Paragonimiasis in Children in Southwest China: A retrospective case reports review from 2005 to 2016

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Abstract

Background:

Paragonimiasis infection has no specific symptoms or typical radiologic findings, leading to the possibility of misdiagnosis. Thus, the objective of this study was to analyze clinical and radiological features, and treatment outcome of paragonimiasis in children in Southwest China to improve the awareness of this disease.

Methods:

We retrospectively reviewed the records of children diagnosed with paragonimiasis in West China Second University Hospital between 2005 and 2016. The confirmed diagnosis of paragonimiasis was based on epidemiology history and seropositivity for paragonimiasis and/or detection of paragonimus eggs. Clinical, laboratory, and imaging findings of patients were examined in order to summarize risk factors, clinical characteristics, and treatment outcomes of these patients.

Results:

A total of 123 patients were included; of them 112 (91.1%) lived in villages and 72 (58.5%) had a history of consuming freshwater crabs. Patients with paragonimiasis most frequently showed respiratory symptoms, including cough (26.0%, 32/123) and tachypnea (16.3%, 20/123), and gastrointestinal symptoms, including abdominal pain (26.8%, 33/123), abdominal distention (22.8%, 28/123), and vomiting (13.0%, 16/123). Laboratory examination showed elevated white blood cell (WBC) counts in the peripheral blood in 89 (72.4%) patients and eosinophilia in 102 (82.9%) patients. Tuberculosis (TB) coinfection was found in 4 (3.3%) patients. Main imaging findings included: effusions (90.4%), lymphadenopathy (40.4%), pulmonary ground-glass opacities (36.2%), cystic lesions (18.1%), and pleural thickening (17.0%). Twenty-nine patients (23.6%) received more than 1 course of praziquantel (PZQ). Additionally, 4 (19.0%) of 21 patients who were discharged from the hospital without complete treatment required rehospitalization for residual serous effusions. Moreover, patients from pericardial effusion group showed longer hospital stays and less elevated WBC counts than those from nonpericardial effusion group.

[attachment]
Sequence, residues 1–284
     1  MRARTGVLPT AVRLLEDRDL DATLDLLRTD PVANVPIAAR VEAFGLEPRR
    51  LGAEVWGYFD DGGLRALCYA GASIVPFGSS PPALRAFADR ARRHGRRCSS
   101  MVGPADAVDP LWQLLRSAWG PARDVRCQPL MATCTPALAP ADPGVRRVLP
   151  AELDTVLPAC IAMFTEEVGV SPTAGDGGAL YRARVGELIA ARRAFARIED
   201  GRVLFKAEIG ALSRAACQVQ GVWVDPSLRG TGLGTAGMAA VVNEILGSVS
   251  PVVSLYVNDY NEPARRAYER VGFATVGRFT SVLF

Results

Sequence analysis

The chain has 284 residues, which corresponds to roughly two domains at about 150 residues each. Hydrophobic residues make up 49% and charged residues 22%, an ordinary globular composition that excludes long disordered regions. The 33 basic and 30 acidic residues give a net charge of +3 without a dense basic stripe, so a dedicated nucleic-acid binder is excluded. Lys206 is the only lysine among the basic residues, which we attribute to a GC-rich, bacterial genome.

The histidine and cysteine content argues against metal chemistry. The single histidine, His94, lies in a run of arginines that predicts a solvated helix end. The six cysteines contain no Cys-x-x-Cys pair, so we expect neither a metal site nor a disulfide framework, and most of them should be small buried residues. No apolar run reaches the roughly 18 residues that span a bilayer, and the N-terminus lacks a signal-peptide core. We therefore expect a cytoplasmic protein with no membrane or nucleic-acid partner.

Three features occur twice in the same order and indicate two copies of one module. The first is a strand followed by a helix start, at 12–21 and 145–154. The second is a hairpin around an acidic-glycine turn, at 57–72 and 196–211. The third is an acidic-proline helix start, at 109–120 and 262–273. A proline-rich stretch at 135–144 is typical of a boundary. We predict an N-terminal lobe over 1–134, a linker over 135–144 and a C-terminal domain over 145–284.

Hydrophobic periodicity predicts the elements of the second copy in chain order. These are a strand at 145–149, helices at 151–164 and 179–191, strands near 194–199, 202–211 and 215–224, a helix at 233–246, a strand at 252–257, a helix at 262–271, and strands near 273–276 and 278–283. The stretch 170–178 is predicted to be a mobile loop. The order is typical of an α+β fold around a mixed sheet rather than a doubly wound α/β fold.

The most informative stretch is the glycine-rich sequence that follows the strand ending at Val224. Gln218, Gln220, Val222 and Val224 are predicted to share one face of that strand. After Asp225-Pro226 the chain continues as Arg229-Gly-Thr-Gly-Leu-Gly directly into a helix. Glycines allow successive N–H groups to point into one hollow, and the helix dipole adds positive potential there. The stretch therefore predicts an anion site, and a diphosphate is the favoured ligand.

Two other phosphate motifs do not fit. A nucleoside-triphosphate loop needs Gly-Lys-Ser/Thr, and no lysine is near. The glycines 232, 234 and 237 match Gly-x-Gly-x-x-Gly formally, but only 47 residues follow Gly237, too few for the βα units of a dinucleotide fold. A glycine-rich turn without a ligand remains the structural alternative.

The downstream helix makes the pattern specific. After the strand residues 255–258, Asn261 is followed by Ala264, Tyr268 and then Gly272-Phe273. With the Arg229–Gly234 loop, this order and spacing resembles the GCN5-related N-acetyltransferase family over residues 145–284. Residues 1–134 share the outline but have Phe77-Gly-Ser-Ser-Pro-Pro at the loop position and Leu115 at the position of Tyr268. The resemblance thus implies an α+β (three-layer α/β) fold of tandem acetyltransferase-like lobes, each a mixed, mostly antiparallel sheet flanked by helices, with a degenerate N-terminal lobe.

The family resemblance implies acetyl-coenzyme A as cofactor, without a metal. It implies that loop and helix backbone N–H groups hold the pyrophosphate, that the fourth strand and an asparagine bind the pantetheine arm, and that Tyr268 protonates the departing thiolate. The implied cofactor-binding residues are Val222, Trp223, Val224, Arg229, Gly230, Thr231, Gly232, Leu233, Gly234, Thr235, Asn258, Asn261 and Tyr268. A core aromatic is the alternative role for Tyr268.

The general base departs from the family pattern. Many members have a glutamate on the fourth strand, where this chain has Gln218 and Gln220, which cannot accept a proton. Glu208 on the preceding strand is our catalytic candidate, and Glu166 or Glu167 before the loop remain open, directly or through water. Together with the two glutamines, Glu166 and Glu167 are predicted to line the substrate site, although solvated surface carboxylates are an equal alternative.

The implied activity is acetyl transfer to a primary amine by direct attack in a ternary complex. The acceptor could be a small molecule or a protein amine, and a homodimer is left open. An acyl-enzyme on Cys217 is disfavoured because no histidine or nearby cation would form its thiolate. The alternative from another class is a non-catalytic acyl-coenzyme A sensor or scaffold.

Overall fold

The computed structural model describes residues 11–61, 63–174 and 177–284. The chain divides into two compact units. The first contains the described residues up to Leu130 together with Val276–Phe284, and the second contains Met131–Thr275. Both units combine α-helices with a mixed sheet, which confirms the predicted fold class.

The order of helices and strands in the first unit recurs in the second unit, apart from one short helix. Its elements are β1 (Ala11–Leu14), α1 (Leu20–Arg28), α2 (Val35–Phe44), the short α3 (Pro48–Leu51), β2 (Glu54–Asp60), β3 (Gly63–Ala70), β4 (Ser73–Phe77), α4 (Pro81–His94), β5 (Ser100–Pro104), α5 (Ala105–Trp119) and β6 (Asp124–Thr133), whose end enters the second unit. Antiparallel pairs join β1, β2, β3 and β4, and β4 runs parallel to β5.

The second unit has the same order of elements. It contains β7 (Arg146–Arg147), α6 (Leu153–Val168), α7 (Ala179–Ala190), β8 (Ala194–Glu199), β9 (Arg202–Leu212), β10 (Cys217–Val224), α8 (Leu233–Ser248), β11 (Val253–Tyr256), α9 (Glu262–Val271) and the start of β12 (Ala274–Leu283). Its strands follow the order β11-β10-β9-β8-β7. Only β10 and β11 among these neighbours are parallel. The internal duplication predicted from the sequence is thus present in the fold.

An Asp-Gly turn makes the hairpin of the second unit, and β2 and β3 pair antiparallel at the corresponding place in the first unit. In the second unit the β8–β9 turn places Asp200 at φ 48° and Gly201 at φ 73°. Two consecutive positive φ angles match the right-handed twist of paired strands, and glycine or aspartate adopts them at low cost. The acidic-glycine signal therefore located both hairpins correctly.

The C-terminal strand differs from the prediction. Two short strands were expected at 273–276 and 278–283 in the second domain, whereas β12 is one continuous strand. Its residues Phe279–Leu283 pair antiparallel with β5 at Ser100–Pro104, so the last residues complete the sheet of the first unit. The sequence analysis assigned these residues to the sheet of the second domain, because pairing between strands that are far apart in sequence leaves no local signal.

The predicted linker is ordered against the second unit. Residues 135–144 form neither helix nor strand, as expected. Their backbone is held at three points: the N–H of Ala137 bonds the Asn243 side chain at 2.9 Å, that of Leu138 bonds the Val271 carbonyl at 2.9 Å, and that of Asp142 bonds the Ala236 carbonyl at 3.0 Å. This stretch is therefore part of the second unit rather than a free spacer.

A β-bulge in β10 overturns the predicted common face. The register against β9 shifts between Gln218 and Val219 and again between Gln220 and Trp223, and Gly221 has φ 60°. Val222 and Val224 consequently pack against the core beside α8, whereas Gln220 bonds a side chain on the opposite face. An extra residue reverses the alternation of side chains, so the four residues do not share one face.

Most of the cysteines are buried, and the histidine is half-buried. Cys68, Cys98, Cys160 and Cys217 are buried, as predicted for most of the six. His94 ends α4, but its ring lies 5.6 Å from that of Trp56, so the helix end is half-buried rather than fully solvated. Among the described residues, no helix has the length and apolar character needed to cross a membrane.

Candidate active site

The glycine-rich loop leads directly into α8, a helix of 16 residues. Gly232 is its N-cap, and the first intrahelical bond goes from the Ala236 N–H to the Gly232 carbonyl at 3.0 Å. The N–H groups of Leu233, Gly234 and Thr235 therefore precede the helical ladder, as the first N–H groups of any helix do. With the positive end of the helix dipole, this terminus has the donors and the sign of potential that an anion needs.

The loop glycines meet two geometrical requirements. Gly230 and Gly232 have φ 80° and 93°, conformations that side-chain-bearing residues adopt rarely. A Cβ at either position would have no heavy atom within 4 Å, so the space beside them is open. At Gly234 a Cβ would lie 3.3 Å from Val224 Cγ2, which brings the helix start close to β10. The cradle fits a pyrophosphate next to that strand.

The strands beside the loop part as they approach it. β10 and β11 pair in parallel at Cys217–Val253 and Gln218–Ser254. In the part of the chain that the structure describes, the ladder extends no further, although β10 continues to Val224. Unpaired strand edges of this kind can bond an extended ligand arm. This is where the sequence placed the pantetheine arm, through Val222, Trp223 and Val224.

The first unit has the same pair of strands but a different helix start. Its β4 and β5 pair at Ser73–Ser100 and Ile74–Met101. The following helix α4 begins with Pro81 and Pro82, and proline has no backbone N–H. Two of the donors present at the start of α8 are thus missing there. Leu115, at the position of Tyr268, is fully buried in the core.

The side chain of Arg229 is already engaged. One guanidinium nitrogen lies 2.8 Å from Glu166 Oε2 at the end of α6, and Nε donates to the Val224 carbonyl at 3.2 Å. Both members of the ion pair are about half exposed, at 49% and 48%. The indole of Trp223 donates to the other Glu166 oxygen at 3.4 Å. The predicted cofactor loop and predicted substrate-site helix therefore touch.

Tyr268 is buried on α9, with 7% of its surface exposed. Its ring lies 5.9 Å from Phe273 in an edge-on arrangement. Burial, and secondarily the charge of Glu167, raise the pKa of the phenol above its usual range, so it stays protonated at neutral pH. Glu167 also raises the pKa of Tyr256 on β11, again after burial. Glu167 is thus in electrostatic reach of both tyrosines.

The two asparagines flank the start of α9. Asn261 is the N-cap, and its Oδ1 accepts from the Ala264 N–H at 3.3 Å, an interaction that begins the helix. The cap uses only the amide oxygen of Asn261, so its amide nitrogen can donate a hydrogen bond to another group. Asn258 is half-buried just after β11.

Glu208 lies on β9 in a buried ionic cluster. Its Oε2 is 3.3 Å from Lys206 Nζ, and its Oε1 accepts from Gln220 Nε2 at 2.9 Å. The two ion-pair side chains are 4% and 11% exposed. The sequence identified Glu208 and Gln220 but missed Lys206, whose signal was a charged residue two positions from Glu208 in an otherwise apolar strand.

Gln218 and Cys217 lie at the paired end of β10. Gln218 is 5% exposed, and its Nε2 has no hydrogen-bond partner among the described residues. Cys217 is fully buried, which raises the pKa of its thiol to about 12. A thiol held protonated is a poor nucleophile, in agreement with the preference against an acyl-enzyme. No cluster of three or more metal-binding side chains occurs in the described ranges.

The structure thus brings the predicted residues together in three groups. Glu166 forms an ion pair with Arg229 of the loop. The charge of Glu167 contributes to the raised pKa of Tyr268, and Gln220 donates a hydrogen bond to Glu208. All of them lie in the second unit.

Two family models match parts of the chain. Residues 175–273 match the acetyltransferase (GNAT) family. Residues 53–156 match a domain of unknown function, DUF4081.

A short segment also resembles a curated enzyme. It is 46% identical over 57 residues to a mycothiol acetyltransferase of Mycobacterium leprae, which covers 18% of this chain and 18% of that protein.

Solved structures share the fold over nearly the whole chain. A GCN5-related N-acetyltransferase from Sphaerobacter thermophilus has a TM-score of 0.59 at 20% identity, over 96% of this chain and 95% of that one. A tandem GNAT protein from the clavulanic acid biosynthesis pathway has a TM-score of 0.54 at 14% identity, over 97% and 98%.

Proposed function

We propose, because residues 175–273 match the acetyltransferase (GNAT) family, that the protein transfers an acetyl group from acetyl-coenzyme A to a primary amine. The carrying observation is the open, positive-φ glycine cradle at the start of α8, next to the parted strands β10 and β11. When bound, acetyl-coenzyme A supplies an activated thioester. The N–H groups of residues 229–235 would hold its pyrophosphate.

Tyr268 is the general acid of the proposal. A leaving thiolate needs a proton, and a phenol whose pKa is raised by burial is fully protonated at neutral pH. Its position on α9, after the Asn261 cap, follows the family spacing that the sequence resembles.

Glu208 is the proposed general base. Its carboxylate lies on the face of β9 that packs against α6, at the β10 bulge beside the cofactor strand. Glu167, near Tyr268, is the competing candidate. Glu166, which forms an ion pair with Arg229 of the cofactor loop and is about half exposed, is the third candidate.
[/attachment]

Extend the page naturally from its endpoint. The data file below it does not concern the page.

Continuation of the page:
Conclusion:

Paragonimiasis should be considered in patients from endemic areas, especially in those with gastrointestinal and/or respiratory symptoms, elevated WBC count, eosinophilia, and serous effusions. Additionally, longer hospital stay may be necessary in cases of paragonimiasis associated with pericardial effusions.

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